Rocky Mountain Power, which does business in southeast Idaho, submitted five contracts for less than 10 average megawatts each, which would qualify for state-approved guaranteed PURPA rates. But in its applications for the PUC to “accept or reject” the five contracts in Bingham County, the utility warns of “possible negative effects to both the utility and its customers of additional and unfettered PURPA … generation on system reliability, utility operations, and costs of incorporating and integrating such a large penetration level of PURPA wind .. .generation into the utility’s system.” Later in the application, the utility claims, “The magnitude of standard wind .. project development in Idaho has reached monumental levels” that could create problems for the utility. “Rocky Mountain Power is concerned with the impact on its electrical system and reliability in adding the Cedar Creek Wind projects and other large volumes of (small-scale) wind.”

Idaho Power also complained about having to sign contracts for tens of megawatts of new small wind projects. In bringing four wind project contracts in the Rogerson area to the PUC, Idaho Power warned about the “continuing and unchecked requirement” to bring such wind projects onto its system.

While the utilities object to having to bring large amounts of wind onto their systems, they have yet to provide the PUC with detailed testimony or other evidence showing how these projects might harm their systems. What is clear, however, is that Idaho’s utilities are taking a much harder line in dealing with wind contracts and in some cases trying to prevent them from being approved.

A similar situation gripped Idaho in 2005 and 2006, when Idaho Power’s bid for a moratorium on small wind projects led to a freeze of more than a year in wind development in the state.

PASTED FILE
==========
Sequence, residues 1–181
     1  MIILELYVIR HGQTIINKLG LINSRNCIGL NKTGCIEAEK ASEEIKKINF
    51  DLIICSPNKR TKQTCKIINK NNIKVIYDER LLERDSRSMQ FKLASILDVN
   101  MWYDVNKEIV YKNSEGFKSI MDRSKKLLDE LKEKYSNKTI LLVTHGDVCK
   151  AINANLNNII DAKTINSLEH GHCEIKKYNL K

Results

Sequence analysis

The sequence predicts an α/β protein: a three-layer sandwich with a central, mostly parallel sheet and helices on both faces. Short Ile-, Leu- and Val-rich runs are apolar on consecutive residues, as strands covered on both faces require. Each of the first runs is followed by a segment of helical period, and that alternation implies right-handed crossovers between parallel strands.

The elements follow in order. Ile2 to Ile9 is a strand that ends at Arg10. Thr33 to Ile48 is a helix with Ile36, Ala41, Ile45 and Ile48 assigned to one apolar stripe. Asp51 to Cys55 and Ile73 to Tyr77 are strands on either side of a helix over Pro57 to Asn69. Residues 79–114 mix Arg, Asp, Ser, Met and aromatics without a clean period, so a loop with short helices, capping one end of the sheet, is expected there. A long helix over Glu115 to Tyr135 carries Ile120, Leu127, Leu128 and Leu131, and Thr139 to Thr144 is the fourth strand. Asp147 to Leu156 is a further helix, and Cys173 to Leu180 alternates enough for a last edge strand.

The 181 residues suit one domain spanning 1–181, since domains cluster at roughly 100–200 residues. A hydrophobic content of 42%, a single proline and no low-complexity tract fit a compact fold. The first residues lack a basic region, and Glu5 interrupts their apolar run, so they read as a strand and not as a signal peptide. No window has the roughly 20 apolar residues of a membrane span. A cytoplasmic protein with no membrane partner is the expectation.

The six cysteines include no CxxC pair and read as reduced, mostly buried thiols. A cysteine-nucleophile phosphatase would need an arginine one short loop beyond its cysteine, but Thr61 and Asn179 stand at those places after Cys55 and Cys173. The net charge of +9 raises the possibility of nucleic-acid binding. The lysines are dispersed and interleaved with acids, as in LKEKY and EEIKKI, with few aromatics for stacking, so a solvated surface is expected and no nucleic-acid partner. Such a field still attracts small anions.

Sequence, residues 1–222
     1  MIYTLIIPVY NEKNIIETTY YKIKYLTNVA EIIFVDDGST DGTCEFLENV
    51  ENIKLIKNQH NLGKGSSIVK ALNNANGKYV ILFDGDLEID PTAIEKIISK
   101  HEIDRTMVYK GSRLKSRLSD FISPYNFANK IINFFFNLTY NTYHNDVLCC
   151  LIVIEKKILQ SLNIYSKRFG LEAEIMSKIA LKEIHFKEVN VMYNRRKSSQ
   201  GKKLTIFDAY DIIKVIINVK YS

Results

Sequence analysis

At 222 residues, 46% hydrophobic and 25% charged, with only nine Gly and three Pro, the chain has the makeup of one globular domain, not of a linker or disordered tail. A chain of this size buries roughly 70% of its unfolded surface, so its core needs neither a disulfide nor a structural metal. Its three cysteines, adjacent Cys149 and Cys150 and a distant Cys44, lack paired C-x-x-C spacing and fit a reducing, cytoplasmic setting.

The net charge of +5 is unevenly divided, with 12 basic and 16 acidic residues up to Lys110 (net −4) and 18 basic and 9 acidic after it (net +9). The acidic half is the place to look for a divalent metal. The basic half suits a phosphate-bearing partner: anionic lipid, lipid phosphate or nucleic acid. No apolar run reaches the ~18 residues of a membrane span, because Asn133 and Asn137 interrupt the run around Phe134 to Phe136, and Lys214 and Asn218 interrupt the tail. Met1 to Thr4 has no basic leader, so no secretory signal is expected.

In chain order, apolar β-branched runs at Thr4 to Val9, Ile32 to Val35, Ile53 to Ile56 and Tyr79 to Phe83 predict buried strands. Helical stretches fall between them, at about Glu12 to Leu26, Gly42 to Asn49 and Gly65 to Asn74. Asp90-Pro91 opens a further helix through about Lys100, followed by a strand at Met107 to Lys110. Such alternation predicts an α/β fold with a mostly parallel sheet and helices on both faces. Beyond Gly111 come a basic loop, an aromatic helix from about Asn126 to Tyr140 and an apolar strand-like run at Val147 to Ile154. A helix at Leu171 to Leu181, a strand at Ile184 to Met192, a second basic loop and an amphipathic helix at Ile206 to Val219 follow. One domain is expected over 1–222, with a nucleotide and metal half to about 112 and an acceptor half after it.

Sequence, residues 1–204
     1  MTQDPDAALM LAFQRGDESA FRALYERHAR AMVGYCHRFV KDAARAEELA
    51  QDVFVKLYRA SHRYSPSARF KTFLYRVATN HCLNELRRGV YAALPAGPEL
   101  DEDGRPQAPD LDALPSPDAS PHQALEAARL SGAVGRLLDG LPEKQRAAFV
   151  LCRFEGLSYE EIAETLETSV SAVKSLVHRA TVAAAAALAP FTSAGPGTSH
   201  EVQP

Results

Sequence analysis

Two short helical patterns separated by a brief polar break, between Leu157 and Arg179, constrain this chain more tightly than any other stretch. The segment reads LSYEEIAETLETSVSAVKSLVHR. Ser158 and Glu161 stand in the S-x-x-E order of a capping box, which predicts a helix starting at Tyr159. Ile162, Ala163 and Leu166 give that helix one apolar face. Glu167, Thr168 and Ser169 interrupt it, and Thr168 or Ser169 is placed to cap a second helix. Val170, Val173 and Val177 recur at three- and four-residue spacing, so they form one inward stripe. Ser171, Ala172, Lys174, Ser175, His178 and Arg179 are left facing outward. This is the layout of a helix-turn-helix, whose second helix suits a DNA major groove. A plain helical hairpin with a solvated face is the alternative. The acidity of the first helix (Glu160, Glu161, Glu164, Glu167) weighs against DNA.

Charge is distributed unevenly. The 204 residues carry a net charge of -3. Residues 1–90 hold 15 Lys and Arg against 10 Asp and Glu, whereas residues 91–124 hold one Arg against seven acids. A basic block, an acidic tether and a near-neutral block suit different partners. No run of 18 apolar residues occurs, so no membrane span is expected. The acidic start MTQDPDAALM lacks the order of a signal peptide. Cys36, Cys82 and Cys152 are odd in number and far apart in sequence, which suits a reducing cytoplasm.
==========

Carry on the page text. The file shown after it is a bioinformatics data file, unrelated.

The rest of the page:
To review the contracts referenced above, go to and then click “File Room” and then “Electric Cases” and you’ll notice the cases for the many wind projects referenced above. To review the docket in which Idaho’s three regulated electric utilities are asking to reduce the size of the renewable energy projects eligible for certain contracts, go to the same location and scroll to GNR-E-10-04.

II: State Awards $2.7 Million for Solar Projects in 9 Schools

The state Office of Energy Resources today announced the awards of $2.75 million in funds from the American Recovery and Reinvestment Act (‘stimulus funds”) to nine Idaho schools that were among 43 applying for grants to install solar panels as part of Idaho’s Solar Panels for Schools Program.

The Office of Energy Resources (OER) began soliciting proposals for the solar program last August and received 43 requests seeking about $13 million. OER said the proposals were reviewed by an independent committee and the grants were spread across the six Idaho Department of Education’s regions. The projects range from 36 to 100 kilowatts, and the power they produce will help reduce the schools’ utility bills because the solar panels will be “net metered” with their utilities, meaning the power the panels generate offsets the total bills. OER said the wining schools “already had achieved a high level of energy efficiency, were situated and designed for easy adaption to a large solar electric system, had a relatively high expected return on the investment, and showed a strong commitment to the project.”